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I have a machine where run a script that generates log in the (root)\tmp\TEST folder. But for some reason from last week these files after created are undeletable . If ...
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  1. #1
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    Cannot delete files created by a script


    I have a machine where run a script that generates log in the (root)\tmp\TEST folder. But for some reason from last week these files after created are undeletable.

    If i rename the tmp\TEST folder then i can delete them (apparently) but if i recreate a folder in tmp directory with the same name 'TEST' the files 'magically' reappears.

    I tought to unmount the folder and do a checkdisk but only in this folder (as the machine is actually hosting a firewall system and i want to be sure to not compromise the other files in the system).

    As i'm really at first step in linux/freebsd command learning:

    how can i unmount the folder tmp and how can i do a checkdisk only in tmp folder?

  2. #2
    Linux Enthusiast scathefire's Avatar
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    You should post your script.
    linux user # 503963

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    2 thoughts -
    1. Are you using backslashes ("\") in your paths, as in your post? Linux separator is forward slash ("/"). Backslash is an escape character.
    2. "test" is a reserved keyword in the shell. But "TEST" isn't, as for as I know.

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    Do NOT use the back-slash \ character, use the forward-slash /.
    Code:
    rm /tmp/TEST    # Yes
    
    rm \tmp\TEST    # NO!!!
    Another possibilty is that your "/tmp/TEST" folder does not have "writable" file-access permissions. If a directory is not writable, the "rm" command will return an error when you try to delete files inside of it. Use "rm -f /tmp/TEST/file" to delete the file without an error. Or you can set the file-access permissions of the "/tmp/test" directory to writable using this command:
    Code:
    chmod a+w /tmp/TEST
    rm /tmp/TEST/*
    This means "change permission mode" "a" means "all people on the system" and "+w" means "will now be granted write access to this directory".

    Another possibility is that your script executed as a different user, and created files with different file-access permission settings.

    For example, if the script ran as "root" user, and created files in "/tmp", then ONLY "root" can delete those files. This is because the "/tmp" filesystem has the "sticky" file-access setting enabled for it. If a folder has "sticky" access control, then only people who created the files can delete those files. You need to run the commnad:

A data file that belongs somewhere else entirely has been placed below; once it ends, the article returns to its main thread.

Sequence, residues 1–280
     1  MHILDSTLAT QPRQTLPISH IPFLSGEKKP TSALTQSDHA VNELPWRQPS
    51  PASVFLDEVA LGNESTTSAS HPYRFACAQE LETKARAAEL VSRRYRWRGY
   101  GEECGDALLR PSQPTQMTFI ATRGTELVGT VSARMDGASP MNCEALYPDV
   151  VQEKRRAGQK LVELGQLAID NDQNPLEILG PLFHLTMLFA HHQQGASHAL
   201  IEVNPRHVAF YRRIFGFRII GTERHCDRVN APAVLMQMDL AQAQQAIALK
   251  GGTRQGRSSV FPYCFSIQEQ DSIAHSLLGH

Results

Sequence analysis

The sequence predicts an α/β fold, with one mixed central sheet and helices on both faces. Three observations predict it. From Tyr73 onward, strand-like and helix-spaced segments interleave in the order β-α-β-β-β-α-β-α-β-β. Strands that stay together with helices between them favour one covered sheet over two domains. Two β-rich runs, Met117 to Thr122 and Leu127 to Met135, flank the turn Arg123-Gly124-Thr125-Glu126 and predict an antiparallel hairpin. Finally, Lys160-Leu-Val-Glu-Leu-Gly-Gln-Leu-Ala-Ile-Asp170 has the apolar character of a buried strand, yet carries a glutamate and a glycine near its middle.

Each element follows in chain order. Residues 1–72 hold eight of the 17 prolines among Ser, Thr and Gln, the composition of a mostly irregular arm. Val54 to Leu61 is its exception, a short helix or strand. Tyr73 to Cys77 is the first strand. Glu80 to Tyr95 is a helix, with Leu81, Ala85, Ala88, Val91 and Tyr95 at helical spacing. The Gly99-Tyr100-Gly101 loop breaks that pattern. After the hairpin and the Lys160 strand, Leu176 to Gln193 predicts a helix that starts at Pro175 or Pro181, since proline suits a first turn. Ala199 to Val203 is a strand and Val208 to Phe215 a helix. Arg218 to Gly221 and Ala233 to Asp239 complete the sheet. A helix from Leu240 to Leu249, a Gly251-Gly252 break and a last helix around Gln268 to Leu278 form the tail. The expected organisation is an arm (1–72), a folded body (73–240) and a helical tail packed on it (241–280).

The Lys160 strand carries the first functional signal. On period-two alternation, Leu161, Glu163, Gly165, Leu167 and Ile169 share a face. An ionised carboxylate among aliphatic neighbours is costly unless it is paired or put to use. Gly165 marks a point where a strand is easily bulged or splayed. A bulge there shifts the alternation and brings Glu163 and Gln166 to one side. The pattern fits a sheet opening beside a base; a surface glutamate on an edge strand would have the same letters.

Code:
    sudo -u other-user rm -r /tmp/TEST
    Where "other-user" is "root" or whatever. To find out which user owns the file, run "ls -l /tmp". The output should look something this:
    Code:
    bash-4.1$ ls -l /tmp
    -rw-r--r-- 1 user2   user2   16 2011-10-28 07:42 foo-bar.txt
    -rw-r--r-- 1 user1   user1    0 2011-10-28 07:42 file1.txt
    -rw-r--r-- 1 root    root    16 2011-10-28 07:42 TEST
    bash-4.1$
    I highlighted the column in blue above; this column shows you who owns (who created) that file. You can also use "ls -l" to display information on only one file:
    Code:
    bash-4.1$ ls -l /tmp/TEST
    -rw-r--r-- 1 root    root    16 2011-10-28 07:42 TEST
    bash-4.1$
    Again, I highlighted the "user" column for you.
    Last edited by ramin.honary; 10-28-2011 at 06:25 AM.

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    Cron job?

    In addition to the other excellent answers above, if you run the script using CRON, it runs as root, unless you specified to run as another user. It shouldn't be a surprise that as a regular user, you cannot delete a file or directory owned by root.

    If you'd post the output of " ls -la" we can help you confirm or deny this possibility.

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    Ramin (first i have to thank u for very detailed information)


    Then i have to say that my first explanation wasn't very detailed.

    I have 2 script that run in sequence:

    In the first script i extract many logs in a tmp/testlog folder

    In the second script i do many action:
    2a i extract some fields from previous logs and i write all in a single file.

    then after i have copied the file in a remote folder at the very end of the script i have to clean my tmp/testlog folder with the command rm -f.

    What is very strange is:

    1) The command deletes only some of the previously created files.
    2) If i try to delete them the day after they where created i can delete them all without problems. (It seems the process that created the script locks the files for 'x' hours).

    Other information: the scripts runs as root but the files are created by another user (it's a special user that virtually administrates the software the script is owned by).

    This is the output of the ls -o:


    Code: